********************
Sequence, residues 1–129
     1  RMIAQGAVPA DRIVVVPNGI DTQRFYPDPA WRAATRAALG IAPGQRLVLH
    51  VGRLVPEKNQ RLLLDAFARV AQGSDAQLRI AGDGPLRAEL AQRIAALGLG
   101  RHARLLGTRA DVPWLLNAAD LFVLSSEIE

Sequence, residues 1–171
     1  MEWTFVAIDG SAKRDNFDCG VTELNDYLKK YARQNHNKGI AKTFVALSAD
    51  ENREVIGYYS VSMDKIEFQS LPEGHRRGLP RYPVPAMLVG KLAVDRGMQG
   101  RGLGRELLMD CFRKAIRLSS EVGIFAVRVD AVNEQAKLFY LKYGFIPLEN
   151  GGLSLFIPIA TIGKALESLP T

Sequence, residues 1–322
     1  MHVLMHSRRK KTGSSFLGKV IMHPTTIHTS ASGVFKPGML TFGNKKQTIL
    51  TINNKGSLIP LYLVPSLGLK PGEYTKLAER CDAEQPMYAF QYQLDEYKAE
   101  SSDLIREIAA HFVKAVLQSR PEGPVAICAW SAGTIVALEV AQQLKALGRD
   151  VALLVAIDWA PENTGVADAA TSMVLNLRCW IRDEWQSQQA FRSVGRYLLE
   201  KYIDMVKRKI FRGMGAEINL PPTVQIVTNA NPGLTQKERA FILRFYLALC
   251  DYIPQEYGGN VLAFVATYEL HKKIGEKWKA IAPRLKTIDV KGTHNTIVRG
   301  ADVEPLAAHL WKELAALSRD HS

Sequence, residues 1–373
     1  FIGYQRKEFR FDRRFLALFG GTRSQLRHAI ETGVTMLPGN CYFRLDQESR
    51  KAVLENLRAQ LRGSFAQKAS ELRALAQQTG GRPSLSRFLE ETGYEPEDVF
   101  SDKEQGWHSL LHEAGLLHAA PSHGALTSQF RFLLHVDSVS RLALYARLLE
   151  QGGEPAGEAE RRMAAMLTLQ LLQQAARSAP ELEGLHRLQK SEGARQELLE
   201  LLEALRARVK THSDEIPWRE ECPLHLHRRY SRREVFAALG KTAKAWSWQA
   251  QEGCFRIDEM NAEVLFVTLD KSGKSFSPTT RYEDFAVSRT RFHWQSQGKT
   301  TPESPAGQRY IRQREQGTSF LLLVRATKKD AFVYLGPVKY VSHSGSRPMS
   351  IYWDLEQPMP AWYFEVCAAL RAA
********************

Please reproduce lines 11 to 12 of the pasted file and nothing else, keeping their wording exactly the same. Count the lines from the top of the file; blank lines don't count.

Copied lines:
     1  MHVLMHSRRK KTGSSFLGKV IMHPTTIHTS ASGVFKPGML TFGNKKQTIL
    51  TINNKGSLIP LYLVPSLGLK PGEYTKLAER CDAEQPMYAF QYQLDEYKAE